Laura Zempel: I think that episode is one where we all combined our talents to get it in shape. We did a divide and conquer where Nik took the Custer storyline and cut it as one long, linear sequence—which is how they shot it. Then I started at the top with Lexi’s play and the intro, and we found ways of interweaving them together. Episodes 7 and 8 were written almost as one big episode, so we knew where we started and where to end, and the best point to break it off. Then we did a lot of experimentation and screened those episodes back-to-back to pace them out more delicately, to make two very strong cohesive episodes. We wanted to heighten Lexi’s anticipation of how her friends were going to react to her play. But it’s not only Lexi’s perception. It’s everyone else watching Lexi’s perception and reacting to it. So, in order to get inside her head, we took a leftover phone call between Fezco and Lexi from a prior episode that didn’t fit, and broke it up throughout episodes 7 and 8. That way we got Lexi’s head while tying it in to her budding relationship with Fezco. We found that built the tension around whether Fezco was going to show up to Lexi’s play. It turned into a wonderful discovery that ended up elevating those episodes.

Nik Boyanov: One thing that distinguishes this episode is that it is narrated by Lexi, which allowed us to get to some of her inner monologue. Up to now, Rue narrated all of the episodes and she has been known to be a bit of an unreliable narrator. Having Lexi take over in this episode gave us a new perspective by reliving her past memories through the play. For us, finding where to cut from the play to the flashbacks was about creating the most emotional weight for each moment. We had our core characters in the audience watching along, so showing the way they are reacting to what is happening on stage was key to landing some of these beats. And in the case of Fezco, showing Lexi see his empty seat in the audience brought on a sense of dread for the audience because we show them what is happening at Fezco’s house with Custer, but Lexi has no idea. I think the intercutting made that sequence truly heartbreaking to watch unfold.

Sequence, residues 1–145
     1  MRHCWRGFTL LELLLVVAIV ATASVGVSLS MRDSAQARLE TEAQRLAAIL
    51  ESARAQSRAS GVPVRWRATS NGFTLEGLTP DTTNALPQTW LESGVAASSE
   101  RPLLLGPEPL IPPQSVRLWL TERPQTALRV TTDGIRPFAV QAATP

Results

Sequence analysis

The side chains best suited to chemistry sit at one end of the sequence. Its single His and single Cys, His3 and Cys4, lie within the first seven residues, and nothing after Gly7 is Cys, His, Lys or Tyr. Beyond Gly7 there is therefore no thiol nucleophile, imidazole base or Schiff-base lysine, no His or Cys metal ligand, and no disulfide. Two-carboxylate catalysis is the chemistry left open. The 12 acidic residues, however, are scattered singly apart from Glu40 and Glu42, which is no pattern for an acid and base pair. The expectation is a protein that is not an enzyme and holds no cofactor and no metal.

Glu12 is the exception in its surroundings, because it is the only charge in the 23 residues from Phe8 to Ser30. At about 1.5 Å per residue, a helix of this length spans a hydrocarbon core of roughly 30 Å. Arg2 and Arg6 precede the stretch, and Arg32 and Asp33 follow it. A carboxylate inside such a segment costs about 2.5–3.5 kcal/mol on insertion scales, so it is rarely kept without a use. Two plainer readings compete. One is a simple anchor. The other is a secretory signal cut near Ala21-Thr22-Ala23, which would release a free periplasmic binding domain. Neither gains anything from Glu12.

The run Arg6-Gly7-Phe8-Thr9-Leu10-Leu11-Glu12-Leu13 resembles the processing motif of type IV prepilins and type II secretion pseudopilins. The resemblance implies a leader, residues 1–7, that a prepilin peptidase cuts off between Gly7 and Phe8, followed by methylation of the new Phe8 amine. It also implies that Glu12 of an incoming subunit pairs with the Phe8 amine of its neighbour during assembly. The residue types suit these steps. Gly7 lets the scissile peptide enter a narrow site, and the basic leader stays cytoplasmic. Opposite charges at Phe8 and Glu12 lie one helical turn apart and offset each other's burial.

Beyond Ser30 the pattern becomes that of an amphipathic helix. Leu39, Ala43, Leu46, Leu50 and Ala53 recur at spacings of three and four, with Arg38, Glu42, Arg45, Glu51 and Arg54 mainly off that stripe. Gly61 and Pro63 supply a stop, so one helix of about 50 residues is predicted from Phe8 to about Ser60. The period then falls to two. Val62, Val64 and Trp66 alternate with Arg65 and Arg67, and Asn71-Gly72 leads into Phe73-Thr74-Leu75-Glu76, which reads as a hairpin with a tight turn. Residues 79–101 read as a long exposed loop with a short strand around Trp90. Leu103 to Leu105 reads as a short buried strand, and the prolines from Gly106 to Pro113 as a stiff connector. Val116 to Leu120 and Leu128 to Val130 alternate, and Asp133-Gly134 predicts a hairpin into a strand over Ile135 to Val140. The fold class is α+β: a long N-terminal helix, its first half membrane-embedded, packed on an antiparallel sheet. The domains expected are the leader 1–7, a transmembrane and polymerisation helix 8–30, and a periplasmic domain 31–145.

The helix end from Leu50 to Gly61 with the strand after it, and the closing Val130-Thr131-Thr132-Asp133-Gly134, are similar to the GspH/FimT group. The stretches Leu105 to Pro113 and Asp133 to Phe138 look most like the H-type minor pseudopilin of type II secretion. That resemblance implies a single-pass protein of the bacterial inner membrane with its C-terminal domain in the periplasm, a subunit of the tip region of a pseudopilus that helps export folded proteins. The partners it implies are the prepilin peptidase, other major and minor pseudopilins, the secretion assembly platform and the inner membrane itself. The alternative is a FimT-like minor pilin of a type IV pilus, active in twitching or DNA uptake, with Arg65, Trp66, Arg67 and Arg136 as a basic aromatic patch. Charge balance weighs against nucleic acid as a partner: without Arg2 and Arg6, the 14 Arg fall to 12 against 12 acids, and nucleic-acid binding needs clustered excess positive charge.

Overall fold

CineMontage: It sounds like there’s a good deal, but what have you found unique about working on this series?

 

Julio C. Perez: Being able to apply elements of working on documentaries, on broadcast reality shows, and almost everything I worked on from workflow, systemic team interaction, and creative standpoints. Almost all of it seems to have fed into this show. It asks every little bit of each of our experiences. It takes the broadness of our skillsets that need to be broadened even further in order to accomplish what we do on the show. I love its ambition and that it asks for our collective experience to be brought to the table nearly every day. That “Euphoria” contains all genres is an absolute delight for me as an editor. You might be cutting one scene that’s an action thriller, then your next is a soapy drama or a delicate coming-of-age teen movie.

 

Aaron I. Butler: Editors are given a respect and freedom but held to these insane standards of creativity, always pushing the limit. Julio and Sam have created this editorial department where we feel so protected from outside factors. But the way the editors are elevated has been rare in my experience, and that was something incredibly unique about this show.

About Rob Feld 77 Articles
Rob Feld is a filmmaker, a regular contributor to DGA Quarterly, and contributing editor of Newmarket Press’ Shooting Script book series. He teaches screenwriting and directing at New York University.